Home >News > ProMED翻訳情報(375回) ~フランスで発生した医療従事者の狂犬病曝露事例~

ProMED翻訳情報(375回) ~フランスで発生した医療従事者の狂犬病曝露事例~





Date: Sat 25 Apr 2015   Source: Nature World News [edited]



158 healthcare workers exposed to rabies in France — 1st case [2014] in over a decade




[In March 2014] French physicians identified a case of the deadliest disease in the world, rabies, in one unfortunate patient. Before it was even realized what he had, 158 healthcare workers had been exposed to the deadly virus. Now, experts are calling this a strong reminder that rabies is very real, even in countries that take the proper precautions.



Nature World News recently took an in-depth look at how rabies still affects the world.



“Rabies is close to 100 per cent fatal, but it is also almost 100 per cent preventable,” Kevin Doran, a spokesperson for the Global Alliance for Rabies Control, had said in a statement concerning that report.

『狂犬病はほぼ100%致死的だ、しかしまたほぼ100%予防が可能だ』狂犬病制御のための世界同盟(GARC)のスポークスマンであるKevin Doran氏はその報告書で述べている。


That’s because, while the means in which the rabies virus attacks a body (climbing a mammal’s nervous system like a ladder) makes it exceptionally hard to treat, stopping its progress before it reaches the brain — via proactive inoculation — is exceptionally effective. Unfortunately, not every person has access to this life-saving solution, and even in developed worlds a victim may not even realize they were bit by a potentially rabid animal. This is reportedly what happened in France’s latest case.



After returning from a 6-month stay in Mali, West Africa, a 57 year old French citizen found himself in an intensive care ward with a mild fever, abundant sweating, general pain, and a slowed heartbeat (about 40 beats per minute). The patient tested negative for Herpes simplex-1 and -2, HIV, syphilis, and epilepsy, among other conditions, and brain scans didn’t reveal anything out of the ordinary.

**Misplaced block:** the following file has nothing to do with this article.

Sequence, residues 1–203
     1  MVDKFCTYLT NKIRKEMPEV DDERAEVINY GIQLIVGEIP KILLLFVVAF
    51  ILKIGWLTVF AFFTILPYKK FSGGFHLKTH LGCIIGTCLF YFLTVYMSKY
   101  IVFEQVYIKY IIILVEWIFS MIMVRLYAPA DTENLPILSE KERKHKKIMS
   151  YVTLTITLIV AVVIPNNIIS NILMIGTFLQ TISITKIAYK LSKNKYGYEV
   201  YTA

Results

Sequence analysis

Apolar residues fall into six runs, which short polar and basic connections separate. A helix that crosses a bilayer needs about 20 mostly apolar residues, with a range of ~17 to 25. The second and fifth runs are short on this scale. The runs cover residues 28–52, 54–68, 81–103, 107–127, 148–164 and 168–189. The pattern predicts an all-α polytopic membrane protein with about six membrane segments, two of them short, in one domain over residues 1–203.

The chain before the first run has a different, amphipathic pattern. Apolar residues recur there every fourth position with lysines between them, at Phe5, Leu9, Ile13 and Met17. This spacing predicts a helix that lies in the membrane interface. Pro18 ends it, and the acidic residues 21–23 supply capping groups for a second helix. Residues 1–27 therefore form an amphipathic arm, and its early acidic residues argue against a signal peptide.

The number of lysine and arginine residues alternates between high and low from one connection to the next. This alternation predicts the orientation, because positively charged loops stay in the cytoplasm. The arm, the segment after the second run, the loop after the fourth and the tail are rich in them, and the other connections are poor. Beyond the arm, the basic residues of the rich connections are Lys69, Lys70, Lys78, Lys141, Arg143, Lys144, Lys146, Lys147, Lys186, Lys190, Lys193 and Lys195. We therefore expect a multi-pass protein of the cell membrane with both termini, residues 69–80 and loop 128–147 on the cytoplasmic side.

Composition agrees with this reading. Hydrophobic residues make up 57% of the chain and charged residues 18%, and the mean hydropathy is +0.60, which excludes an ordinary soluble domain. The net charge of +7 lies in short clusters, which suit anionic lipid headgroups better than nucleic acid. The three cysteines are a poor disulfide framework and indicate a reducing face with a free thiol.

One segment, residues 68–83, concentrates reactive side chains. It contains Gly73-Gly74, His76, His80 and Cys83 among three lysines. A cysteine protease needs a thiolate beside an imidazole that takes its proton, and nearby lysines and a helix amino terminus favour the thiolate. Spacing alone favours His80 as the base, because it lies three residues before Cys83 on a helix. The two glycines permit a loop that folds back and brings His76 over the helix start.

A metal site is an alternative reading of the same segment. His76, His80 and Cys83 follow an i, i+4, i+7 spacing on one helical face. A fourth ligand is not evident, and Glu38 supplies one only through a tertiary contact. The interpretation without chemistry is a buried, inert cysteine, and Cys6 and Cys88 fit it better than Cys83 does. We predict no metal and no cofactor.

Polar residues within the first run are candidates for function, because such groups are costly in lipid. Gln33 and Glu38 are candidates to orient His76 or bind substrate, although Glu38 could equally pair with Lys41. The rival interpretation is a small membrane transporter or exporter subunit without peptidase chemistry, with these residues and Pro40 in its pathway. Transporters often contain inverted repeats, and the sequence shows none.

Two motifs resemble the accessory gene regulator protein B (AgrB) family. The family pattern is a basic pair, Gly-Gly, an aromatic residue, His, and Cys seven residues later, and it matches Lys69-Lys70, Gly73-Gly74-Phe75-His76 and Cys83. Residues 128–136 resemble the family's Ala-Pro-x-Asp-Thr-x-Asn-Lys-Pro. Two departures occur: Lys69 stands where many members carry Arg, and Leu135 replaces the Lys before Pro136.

Unfortunately, this was just the beginning. A report and study of this case recently published in the Journal of Clinical Microbiology, detailed how “2 days after ICU admission, [the patient] developed bouts of hyperactivity, disorientation, and delirium with thoughts of impending death.” This alternated with periods of drowsiness and even brief returns to normalcy, where the man “seemed aware of his disorder and criticized it.”

不幸なことにこれは始まりに過ぎなかった。最近発行されたJournal of Clinical Microbiologyのこの例の報告および研究では『ICUに入院2日後(その患者は)迫りくる死の思いから活動亢進、妄想や幻覚などの見当識障害、精神錯乱状態に陥った』と詳細が記されていた。うとうと状態と短時間の平常状態を交互に起こしており、平常状態のときの患者は『自分の障害に気付いているように見え、それに不平を言っていた』。


Christian Brun-Buisson, head of the medical intensive care unit, and director of the Infection Control Unit at Assistance Publique Hopitaux de Paris, France, said in a statement that what was most disturbing was that there was “no obvious exposure to an animal bite, which made us search for an array of diseases before one of our team members suggested it could be a case of imported rabies.” A skin biopsy and saliva swabs finally confirmed the rabies diagnoses 13 days after the patient 1st was admitted. The patient tragically died 6 days later.



However, this meant that professionals were dealing with this man for 13 days before learning of his incredibly deadly infection – an oversight that resulted in 158 healthcare workers potentially exposed. “Hypersalivation was remarkable and the patient occasionally spat on ICU personnel,” the report reads.




A hasty investigation deemed 52 staff members at immediate risk and had them promptly vaccinated. Two professionals who worked directly with fluid samples also received immunoglobin treatment as an added precaution.



“This case serves as a reminder to physicians that rabies should be considered in patients presenting with unusual neurological symptoms and coming from a geographical area where rabies is a common disease,” said Brun-Buisson. “Making this diagnosis early is important, since there is a potential risk for caregivers to be contaminated if strict isolation precautions are not taken. This is obviously of utmost importance as rabies is a uniformly fatal disease.”[byline: Brian Stallard]



[This case occurred some 12 months ago but it is being posted to remind those unaccustomed to human clinical rabies what they should expect to see. Clinical memories are unfortunately short if not reinforced by new patients. And as this case exemplifies delays are expensive — 54 people had to be vaccinated in case they had been exposed while treating and managing this fatal case. – Mod.MHJ